Neris' struggles continue against Blue Jays

Neris' struggles continue against Blue Jays

PHILADELPHIA -- Hector Neris' jovial nature is being tested.

Neris had been a surprising and key piece to the Phillies' unexpected 24-17 start, posting a 1.29 ERA in 26 appearances through May 29. But Neris, who is perhaps the most upbeat player in the Phillies' clubhouse, is 0-2 with an 11.37 ERA in his last eight appearances, which includes three runs allowed in two-thirds of an inning Wednesday night in the Phillies' 7-2 loss to the Blue Jays at Citizens Bank Park.

"Everybody has bad times," Neris said afterward. "The point is be back. Like, be focused and come back the next day, because this day has passed."

But Neris' ineffectiveness has been particularly drastic. He allowed 13 hits, four runs, seven walks and struck out 37 in 28 innings through May 29. Opponents hit just .138 with a .470 OPS against him. In 6 1/3 innings since, he has allowed 11 hits, nine runs, eight walks and struck out just five. Opponents have hit .393 with a 1.219 OPS against him.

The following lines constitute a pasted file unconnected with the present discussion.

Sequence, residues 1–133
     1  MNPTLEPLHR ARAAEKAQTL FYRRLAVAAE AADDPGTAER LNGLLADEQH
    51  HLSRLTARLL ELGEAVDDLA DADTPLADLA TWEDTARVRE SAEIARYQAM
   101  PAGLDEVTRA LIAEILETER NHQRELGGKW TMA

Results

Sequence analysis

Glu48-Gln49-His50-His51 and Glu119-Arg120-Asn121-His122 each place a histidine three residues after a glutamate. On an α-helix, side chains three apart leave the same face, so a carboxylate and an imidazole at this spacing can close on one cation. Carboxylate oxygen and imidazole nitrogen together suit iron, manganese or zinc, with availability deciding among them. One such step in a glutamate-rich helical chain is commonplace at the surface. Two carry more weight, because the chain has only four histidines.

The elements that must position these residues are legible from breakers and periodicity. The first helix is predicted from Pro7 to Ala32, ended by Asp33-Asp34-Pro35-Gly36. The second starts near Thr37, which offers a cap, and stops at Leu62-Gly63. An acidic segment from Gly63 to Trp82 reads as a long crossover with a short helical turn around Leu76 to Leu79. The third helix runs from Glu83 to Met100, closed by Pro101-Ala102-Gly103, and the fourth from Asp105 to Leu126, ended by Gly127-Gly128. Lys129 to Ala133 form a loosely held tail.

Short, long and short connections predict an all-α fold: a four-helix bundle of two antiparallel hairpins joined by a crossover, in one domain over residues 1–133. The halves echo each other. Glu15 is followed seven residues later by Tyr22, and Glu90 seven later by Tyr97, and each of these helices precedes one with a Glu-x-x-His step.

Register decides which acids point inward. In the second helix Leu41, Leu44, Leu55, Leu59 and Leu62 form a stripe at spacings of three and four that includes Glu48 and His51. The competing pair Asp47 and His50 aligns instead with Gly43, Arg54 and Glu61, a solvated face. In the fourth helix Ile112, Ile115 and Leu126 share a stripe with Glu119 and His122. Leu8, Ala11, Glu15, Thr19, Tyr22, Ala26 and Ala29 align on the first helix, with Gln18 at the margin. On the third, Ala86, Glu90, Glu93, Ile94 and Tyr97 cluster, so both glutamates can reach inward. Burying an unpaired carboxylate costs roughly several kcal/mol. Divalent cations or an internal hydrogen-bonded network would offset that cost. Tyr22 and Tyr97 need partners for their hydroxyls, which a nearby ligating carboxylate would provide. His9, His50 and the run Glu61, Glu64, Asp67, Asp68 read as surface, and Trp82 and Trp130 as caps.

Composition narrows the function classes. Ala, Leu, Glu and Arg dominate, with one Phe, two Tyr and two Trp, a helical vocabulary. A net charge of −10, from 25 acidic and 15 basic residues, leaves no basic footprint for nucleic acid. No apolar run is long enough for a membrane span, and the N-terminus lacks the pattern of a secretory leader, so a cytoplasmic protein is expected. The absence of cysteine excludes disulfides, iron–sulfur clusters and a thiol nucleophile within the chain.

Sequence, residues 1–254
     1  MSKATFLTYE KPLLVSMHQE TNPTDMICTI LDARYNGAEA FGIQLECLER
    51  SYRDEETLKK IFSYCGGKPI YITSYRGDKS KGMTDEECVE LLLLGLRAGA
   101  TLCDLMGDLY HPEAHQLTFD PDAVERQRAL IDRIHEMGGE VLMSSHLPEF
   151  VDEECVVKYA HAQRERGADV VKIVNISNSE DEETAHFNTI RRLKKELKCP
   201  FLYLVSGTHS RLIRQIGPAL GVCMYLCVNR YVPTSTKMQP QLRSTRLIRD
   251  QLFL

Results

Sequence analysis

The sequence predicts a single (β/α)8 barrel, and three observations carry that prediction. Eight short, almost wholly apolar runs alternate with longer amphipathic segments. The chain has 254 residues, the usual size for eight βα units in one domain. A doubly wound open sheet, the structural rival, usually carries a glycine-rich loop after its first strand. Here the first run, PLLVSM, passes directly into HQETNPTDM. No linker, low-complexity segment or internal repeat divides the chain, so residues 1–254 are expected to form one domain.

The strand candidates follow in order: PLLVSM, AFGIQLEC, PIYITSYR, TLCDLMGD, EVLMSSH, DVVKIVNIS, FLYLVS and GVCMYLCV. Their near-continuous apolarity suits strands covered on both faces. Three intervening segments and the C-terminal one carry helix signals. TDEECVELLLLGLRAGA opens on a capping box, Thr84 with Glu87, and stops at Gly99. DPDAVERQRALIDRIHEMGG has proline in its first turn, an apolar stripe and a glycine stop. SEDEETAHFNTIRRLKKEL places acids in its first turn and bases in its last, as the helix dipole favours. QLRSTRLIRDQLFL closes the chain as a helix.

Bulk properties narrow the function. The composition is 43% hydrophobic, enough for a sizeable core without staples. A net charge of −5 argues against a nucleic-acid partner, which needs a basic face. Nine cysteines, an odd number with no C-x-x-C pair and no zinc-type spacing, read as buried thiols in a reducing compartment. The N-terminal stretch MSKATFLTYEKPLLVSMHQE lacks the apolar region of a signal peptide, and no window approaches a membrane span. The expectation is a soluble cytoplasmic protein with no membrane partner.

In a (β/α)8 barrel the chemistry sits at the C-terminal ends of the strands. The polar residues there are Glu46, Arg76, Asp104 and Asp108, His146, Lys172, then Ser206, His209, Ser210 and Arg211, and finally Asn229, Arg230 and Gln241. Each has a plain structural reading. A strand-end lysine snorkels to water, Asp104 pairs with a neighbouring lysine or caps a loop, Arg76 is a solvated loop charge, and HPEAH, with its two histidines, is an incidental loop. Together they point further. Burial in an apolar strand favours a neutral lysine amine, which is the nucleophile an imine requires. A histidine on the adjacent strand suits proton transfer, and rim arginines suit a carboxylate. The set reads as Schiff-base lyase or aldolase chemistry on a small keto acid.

"We've got to get Neris back on track," Phillies manager Pete Mackanin said.

Neris' splitter keyed his early success, but he has lost command of the pitch. No longer able to throw the pitch for a strike, he is getting behind in the count early and often.

It got to the point Wednesday that he threw four sliders (none for a strike) to try to change things up. Neris has thrown a few sliders in his last three appearances after throwing none since late April -- again, because his splitter had been so incredibly effective.

"We're looking at his arm angle, if he's changed that," Mackanin said. "It might be something in his delivery. We're looking into it. I'm sure he's thinking about it. He needs to have a real good outing, a real good 1-2-3 inning where he's throwing that splitter for strikes."

Todd Zolecki has covered the Phillies since 2003, and for MLB.com since 2009. Read his Phillies blog The Zo Zone, follow him on Twitter and listen to his podcast. This story was not subject to the approval of Major League Baseball or its clubs.